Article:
• Alternately work with them, not against them, adding assertions to fix their actions in the imagined space.  For instance, no player will be mad at you for adjusting their action slightly, if it means it helps: "Kira shoots her fireball at a spot off to the side of the room, and the blast blows the trash pile to flinders.  The fire and blast-wave of burning trash washes over the monster, scorching it badly without hurting Dolan."
  • In exploration scenes, find ways to empower players and avoid pulling "gotcha" moves on them.  It's more fun to see them succeed than to see them fail.

December 6, 2013

Nights Black Agents Operation Cards

I created some Operation Cards for Night's Black Agents.  They are system agnostic, so you can use them in any espionage or thriller RPG.

The cards have two pages of the basic 9 operations, and one page of my own personal interpretation of reversals of those operations.  Print them out on cardstock and cut them out.  When you need to develop an operation, draw two cards and select the one you like best.  Fill in the blanks, and you have an operation!

The basic operations:

  • Destroy
  • Flip
  • Heist
  • Hit
  • Hunt
  • Rescue
  • Sneak 
  • Trace
  • Uncover

The reversed operations:

  • Guard
  • Mole Hunt
  • Secure/Stash
  • Bodyguard
  • Flee
  • Imprison
  • Watch
  • Provoke
  • Cover Up

Both GMs and Players can use these cards!  If your campaign is sandboxy enough, the players can use these cards to help them decide what to do.  They can draw two or three cards and pick the one that they like best, then embark on using that operation to advance one of the plots they're interested in.

GM Example:  You draw "Bodyguard" and "Trace."  Trace leads to a clue chase style mystery, and that appeals to you more than the Bodyguard card.  So you choose Trace.  Then have to fill in the blanks.  

  • Follow a string of clues and obstacles to a lost person or object
  • The agents will follow the clue ____ because they want to know ____ about ____ 
So you need a lost person or object and a few clues that lead from one to the next in a string that ends at the lost person or object.  Say a local vice detective disappears just as she was about to crack a major case involving human trafficking.  The police won't be able to find her because a lesser vampire mind-controlled her away in the night (Lucy Westenra style).  They have to rescue the detective before she is turned with three bites on three successive nights...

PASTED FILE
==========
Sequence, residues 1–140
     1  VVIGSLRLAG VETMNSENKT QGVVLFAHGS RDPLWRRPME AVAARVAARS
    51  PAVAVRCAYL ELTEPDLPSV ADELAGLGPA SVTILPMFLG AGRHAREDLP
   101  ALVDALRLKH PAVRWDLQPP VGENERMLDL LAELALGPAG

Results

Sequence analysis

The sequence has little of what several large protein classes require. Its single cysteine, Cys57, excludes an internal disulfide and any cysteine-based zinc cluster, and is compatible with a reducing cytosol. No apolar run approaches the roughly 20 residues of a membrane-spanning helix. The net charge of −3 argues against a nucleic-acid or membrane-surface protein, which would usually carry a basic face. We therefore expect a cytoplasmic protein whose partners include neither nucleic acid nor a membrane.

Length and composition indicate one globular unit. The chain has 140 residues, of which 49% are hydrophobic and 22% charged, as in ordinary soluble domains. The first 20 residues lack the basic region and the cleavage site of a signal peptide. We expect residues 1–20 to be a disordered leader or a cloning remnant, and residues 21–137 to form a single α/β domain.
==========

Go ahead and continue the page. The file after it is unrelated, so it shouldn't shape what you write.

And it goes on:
The agents will follow the clue of the vice detective's dreams because they want to know what happened to her (changing "about" to "to" in this case, for grammar reasons).

The first clue is that she had had dreams of bats coming to her window every night for the last week, according to her husband.  In her dreams she left the house and went to a graveyard.  

So the next clue is at the graveyard:  The groundskeeper reports seeing her walk in in a "drugged out daze," and trying to persuade her to leave, but just before he was about to call 911 on her, someone picked her up in a slick Maybach.  In typical Night's Black Agents fashion, add a complication: Say a ghoul watching the graveyard to cover the back-trail.  The PCs notice the ghoul slipping away to alert his master and have to chase him down.  

The Mercedes and Ghoul both provide clues that lead to the vampire's uptown penthouse condo, where the PCs have to slay the vampire to rescue the detective.

Player Example:  The PCs are investigating a money laundering scheme, but don't know where to go next.  They've only vaguely encountered the organization, and then only three people who they suspect of being a low level bagman and two goons who provide at large muscle for the organization.  They draw Flip, Uncover, and Bodyguard.  Flip makes the most sense, but they don't know who to flip. 

They propose to the GM that they use all three cards and more:  They use Uncover to search for clues to narrow down the ideal candidate to put pressure on from the three they've met, then Flip him, and then keep surveillance on to Bodyguard their new double agent until he can create or discover an opportunity for them to Destroy the money laundering operation.

Download the PDF here (LINK FIXED 1/17/14).  Suggest edits or new cards in comments below!